Astronomy -- especially the opening of the Dominion Observatory, in
Ottawa, in 1902 -- was essential for the surveying and westward expansion
of our country.
When the Dominion Astrophysical Observatory opened in Victoria BC in
1918, its 1.83m telescope was the largest in the world; this marked
the beginning of serious government investment in basic astronomical
When the University of Toronto's David Dunlap Observatory opened in
Richmond Hill, Ontario in 1935, its 1.88m telescope was the second-largest
in the world (and the Victoria telescope was third-largest); thus, university
research in astronomy developed in parallel with government research.
Canadian monitoring of the radio emission from the sun at 10cm wavelength,
started in 1946, is still used internationally as a measure of the "activity"
of the sun; Arthur Covington (Ottawa) was the driving force behind this
The Canadian Impact Crater Program, started in 1951, established Canada
as a leader in this field -- a field which is of increasing interest,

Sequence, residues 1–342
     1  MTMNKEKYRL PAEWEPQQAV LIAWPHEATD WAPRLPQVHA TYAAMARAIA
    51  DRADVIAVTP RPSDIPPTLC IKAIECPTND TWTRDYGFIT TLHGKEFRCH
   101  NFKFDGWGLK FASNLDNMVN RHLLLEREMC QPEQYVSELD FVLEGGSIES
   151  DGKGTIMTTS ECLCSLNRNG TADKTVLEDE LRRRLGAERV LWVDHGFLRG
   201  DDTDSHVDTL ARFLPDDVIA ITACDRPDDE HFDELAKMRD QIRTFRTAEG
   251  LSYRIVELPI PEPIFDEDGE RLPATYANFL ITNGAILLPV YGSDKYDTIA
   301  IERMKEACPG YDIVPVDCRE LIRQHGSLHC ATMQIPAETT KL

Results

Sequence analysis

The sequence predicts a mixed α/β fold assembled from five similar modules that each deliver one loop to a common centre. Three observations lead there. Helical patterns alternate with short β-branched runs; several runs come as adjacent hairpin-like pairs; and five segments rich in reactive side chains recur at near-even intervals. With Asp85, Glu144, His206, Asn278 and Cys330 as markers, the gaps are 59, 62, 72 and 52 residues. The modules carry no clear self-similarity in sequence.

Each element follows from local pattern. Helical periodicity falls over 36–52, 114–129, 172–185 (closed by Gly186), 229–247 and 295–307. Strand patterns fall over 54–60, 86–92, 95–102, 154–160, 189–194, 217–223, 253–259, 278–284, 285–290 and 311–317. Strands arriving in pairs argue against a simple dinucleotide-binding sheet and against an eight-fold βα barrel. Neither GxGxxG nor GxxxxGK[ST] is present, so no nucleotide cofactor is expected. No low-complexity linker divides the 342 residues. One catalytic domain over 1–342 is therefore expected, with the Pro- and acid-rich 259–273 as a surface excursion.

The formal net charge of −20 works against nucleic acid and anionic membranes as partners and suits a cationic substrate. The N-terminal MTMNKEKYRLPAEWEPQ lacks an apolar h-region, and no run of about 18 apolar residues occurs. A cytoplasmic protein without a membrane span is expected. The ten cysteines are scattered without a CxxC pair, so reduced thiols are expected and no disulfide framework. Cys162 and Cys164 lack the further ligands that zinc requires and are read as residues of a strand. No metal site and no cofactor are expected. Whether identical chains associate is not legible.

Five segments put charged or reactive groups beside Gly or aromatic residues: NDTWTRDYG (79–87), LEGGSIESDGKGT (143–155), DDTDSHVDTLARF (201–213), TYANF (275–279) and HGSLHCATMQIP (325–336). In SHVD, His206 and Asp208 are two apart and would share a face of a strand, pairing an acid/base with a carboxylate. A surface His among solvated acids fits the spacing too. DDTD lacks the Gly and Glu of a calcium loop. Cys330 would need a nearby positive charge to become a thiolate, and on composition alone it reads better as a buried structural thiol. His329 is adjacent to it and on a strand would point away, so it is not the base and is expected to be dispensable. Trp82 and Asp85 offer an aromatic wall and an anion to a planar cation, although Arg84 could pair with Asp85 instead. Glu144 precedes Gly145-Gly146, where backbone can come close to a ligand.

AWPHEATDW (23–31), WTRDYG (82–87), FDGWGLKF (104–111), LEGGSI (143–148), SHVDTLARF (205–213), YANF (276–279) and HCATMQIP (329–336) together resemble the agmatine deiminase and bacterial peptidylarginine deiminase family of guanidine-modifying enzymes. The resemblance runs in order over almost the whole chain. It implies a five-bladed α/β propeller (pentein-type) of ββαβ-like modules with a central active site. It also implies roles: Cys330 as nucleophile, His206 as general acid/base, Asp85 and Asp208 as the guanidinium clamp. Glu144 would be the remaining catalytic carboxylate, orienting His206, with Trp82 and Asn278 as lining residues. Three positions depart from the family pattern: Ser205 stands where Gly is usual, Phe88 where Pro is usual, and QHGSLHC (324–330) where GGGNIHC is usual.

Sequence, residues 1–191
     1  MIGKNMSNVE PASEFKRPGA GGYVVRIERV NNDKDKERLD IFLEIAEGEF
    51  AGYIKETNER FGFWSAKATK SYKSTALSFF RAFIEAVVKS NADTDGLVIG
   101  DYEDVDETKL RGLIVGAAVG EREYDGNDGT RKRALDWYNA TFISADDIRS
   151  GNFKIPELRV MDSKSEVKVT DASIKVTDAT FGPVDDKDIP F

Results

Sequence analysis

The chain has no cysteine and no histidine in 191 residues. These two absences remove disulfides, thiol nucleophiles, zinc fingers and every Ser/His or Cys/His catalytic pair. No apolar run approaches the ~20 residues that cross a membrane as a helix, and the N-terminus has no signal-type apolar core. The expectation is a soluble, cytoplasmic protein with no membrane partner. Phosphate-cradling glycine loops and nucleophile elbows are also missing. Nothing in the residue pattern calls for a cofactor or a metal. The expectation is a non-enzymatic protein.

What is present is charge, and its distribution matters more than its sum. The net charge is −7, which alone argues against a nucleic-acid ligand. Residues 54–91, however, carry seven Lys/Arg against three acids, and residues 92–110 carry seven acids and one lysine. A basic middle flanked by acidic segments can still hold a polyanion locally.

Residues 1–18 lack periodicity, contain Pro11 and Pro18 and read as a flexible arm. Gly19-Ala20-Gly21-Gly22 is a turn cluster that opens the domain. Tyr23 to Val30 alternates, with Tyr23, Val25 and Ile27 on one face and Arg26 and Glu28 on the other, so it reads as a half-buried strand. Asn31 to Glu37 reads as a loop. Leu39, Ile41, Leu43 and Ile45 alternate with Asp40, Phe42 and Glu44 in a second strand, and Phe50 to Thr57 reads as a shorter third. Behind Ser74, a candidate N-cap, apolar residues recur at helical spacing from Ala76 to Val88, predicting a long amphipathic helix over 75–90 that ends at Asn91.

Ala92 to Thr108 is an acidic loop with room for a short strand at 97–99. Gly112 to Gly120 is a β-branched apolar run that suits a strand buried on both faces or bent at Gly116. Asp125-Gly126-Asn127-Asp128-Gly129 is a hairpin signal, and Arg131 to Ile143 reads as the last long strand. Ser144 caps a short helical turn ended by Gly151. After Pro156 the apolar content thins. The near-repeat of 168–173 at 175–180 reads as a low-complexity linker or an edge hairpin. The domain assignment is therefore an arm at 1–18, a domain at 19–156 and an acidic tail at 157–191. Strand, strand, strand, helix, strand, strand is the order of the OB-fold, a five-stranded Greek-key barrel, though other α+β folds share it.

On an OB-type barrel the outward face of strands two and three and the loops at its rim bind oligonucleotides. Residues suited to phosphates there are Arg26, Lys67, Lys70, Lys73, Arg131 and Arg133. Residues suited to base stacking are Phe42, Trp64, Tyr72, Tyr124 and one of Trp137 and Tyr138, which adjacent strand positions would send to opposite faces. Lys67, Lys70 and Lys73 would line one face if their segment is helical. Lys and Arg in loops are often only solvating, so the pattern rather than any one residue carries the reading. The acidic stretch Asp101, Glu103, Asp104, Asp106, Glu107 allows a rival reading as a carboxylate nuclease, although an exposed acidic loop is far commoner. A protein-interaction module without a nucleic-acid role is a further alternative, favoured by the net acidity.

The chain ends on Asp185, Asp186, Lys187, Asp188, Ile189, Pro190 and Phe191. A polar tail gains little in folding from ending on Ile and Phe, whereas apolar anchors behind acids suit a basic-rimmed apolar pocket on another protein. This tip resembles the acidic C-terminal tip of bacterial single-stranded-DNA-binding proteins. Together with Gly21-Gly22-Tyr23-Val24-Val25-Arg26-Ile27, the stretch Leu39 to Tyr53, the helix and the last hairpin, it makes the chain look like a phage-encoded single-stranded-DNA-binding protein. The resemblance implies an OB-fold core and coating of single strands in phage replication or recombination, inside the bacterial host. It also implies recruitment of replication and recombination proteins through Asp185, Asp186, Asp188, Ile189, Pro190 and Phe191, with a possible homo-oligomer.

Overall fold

since impacts can have profound effects on life on earth. This program
was initiated by C.S. Beals, one of Canada's foremost astronomers.
The opening of the Dominion Radio Astrophysical Observatory in Penticton
BC in 1960, and the Algonquin Radio Observatory in Algonquin Park ON
in 1966, led to major scientific developments, such as the discovery
of complex molecules in interstellar space.
In 1967, the Penticton and Algonquin Radio Telescopes were linked to
create the first Very Long Baseline Interferometer -- providing a thousand-fold
increase in the ability of radio telescopes to see fine detail.
The opening of the Observatoire de Mont Mégantic in 1978 marked
the creation of the first major centre of astronomical research in French-speaking
The Canada-France-Hawaii Telescope, which saw "first light"
in 1979, provided Canada with a share of one of the most powerful and
productive telescopes in the world. Canadian astronomers developed special
instruments to extend the power of this telescope, including a technique
which has since been used to discover almost a hundred planets around
The Canadian Institute for Theoretical Astrophysics, opened in Toronto
in 1985, is now a world leader in understanding planetary systems, stars
and their life cycles, and the origin and evolution of the universe.
Canada has a share in the Gemini telescopes -- giant 8m telescopes
located in Hawaii and in Chile.
The Sudbury Neutrino Observatory (SNO), located deep within a nickel
mine, is the world's most powerful detector of neutrinos -- subatomic
particles emitted by nuclear reactions in the sun and stars, and in
supernova explosions; it recently solved the "solar neutrino problem"
-- the apparent lack of neutrinos from the sun (it turned out that many
neutrinos change form during their flight from the sun, and are not